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I'm trying to set the seed for a few lines of code in a jupyter notebook. 

However, when I tried to run numpy.random.seed(0) in the initial cell, in the later cells the random generator was not 'seeded'. I had to write a set seed in all the cells where I was running the random draws... Why is that? Is there a way to avoid having to write the same thing in every cell where I have a random draw? Here's an example:

import numpy as np

 I got 
 array([ 0.25739993, -0.90848143, -0.37850311, -0.5349156 ,  0.85807335,
        -0.41300998,  0.49818858,  2.01019925,  1.26286154, -0.43921486,
        -0.34643789,  0.45531966, -1.66866271, -0.8620855 ,  0.49291085,
        -0.1243134 ,  1.93513629, -0.61844265, -1.04683899, -0.88961759])
Now, when I ran `np.random.normal(0,1,20)` again in a new cell, I got

array([ 0.01404054, -0.16082969,  2.23035965, -0.39911572,  0.05444456,
        0.88418182, -0.10798056,  0.55560698,  0.39490664,  0.83720502,
       -1.40787817,  0.80784941, -0.13828364,  0.18717859, -0.38665814,
        1.65904873, -2.04706913,  1.39931699, -0.67900712,  1.52898513])
So, despite having seeded the random generator, the random draws were not equal... Is there a way to solve this?

Also, I checked the [numpy documentation](
)  and it seems that `numpy.random.seed()` is not the best practice. I don't understand the example given there... How would I go about, according to the best practices shown in the examples, in order to do something similar to `numpy.random.seed(constant)`?

Top Answer
A pseudo-random number generator can be modelled as an infinite stream of bits. Every time you generate a number using the pseudo-random number generator, it shifts the stream along, returning and discarding the bits at the beginning. Seeding the PRNG discards the current stream and selects the one specified by the seed.

Each time you generate a number from the PRNG, _that many bits are removed from it_. This means that the PRNG states changes each time you generate a number from it. If you don't reset the PRNG's state by re-seeding it, it'll be a while (centuries) before its output repeats.

There is a workaround: create a new PRNG each time.

    import numpy as np
    np.random.RandomSeed(43).normal(0, 1, 20)

You could create a convenience function:

    def pseudorandom(seed):
        return np.random.RandomSeed(seed)
    pseudorandom(43).normal(0, 1, 20)

Note that if you are repeatedly re-seeding your PRNG, it will **not give you secure numbers** (not that this PRNG is secure _anyway_). They might _look_ random, but they're very predictable; all you need to guess is the seed. To be on the safe side, treat them like they are _entirely_ predictable.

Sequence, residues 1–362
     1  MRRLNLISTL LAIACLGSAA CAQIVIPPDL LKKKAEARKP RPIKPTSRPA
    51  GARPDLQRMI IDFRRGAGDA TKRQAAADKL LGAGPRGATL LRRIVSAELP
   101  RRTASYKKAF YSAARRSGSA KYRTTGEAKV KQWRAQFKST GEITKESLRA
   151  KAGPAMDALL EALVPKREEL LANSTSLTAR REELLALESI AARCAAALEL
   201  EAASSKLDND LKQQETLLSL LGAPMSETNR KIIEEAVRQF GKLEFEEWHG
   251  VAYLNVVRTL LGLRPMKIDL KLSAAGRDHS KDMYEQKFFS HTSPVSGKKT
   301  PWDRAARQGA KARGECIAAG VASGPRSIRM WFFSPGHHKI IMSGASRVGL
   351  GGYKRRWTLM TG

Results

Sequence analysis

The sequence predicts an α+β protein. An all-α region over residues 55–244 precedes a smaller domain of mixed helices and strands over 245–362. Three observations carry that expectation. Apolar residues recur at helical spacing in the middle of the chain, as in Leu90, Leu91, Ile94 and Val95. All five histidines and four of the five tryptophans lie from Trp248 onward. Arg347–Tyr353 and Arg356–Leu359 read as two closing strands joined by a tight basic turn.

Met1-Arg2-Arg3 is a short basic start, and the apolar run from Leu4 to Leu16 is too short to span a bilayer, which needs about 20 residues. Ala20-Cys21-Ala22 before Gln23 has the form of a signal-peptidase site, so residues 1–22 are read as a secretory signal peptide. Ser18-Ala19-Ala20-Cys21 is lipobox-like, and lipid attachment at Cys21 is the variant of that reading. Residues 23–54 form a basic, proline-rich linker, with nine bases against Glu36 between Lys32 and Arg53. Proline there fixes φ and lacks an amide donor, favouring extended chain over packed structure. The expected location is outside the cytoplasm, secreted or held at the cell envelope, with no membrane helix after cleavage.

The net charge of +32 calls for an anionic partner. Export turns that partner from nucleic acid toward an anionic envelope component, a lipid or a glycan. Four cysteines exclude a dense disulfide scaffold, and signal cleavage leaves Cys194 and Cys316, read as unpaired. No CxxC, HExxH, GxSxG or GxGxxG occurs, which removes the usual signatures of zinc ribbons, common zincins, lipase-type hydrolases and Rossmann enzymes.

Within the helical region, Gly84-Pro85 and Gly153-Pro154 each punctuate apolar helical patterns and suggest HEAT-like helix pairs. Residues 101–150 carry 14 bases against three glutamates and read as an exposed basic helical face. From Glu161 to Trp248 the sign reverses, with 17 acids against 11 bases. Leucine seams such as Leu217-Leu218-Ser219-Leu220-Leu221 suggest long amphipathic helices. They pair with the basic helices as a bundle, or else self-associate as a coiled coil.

Answer #2
If you're using this for testing purposes, then a _terrible_ **never use in production ever** solution:

@getattr((lambda TODO: TODO("FIXME: Delete me _")), '__call__')
def DebugOnly_prng_OVERRIDE(comment_me_out_please):
    # BUG: Will completely break randomness
    # FIXME: Render this code non-functional
    # HACK: Monkeypatches numpy.random, breaking it
    # XXX: considered harmful
    """This code should not run. Delete it if it does.

    >>> 2 + 2
    from functools import wraps
    from numpy import random
    exec("random._RESEED_VALUE = 0")

    real_seed = random.seed

    def override(f):
        def g(*args, **kwargs):
            return f(*args, **kwargs)
        return g

    if type(real_seed) is type(override):
        # This has already run (or it's not CPython)

    if not __debug__:
        raise RuntimeError("Bad code made it to optimisation.")
    for name in set(dir(random.RandomState)) & set(dir(random)):
        if name[0] != comment_me_out_please[-1]:
            setattr(random, name, override(getattr(random, name)))

    def seed(seed):
        random._RESEED_VALUE = seed
    random.seed = seed

This monkeypatches the `numpy.random` module, letting you use your original code _verbatim_ with the behaviour you expect. This is _not the behaviour any other code expects_, and this is a _global override_, so things will break in subtle ways if you put this in production. (I've tried to make it break more explicitly, but don't rely on that.)
Answer #3
I would like to tie up the answer from WizzWizz 4, with the example from NumPy documentation.

So, the preferred method to seed the sequence is the following:

from numpy.random import MT19937
from numpy.random import RandomState, SeedSequence

def seed(x):
    return RandomState(MT19937(SeedSequence(x)))

I still don't know what's MT19937, but from a practical POV, I think I'm satisfied. That's not to say that if you know more, you don't need to share... You're welcome to share. Thanks ;)

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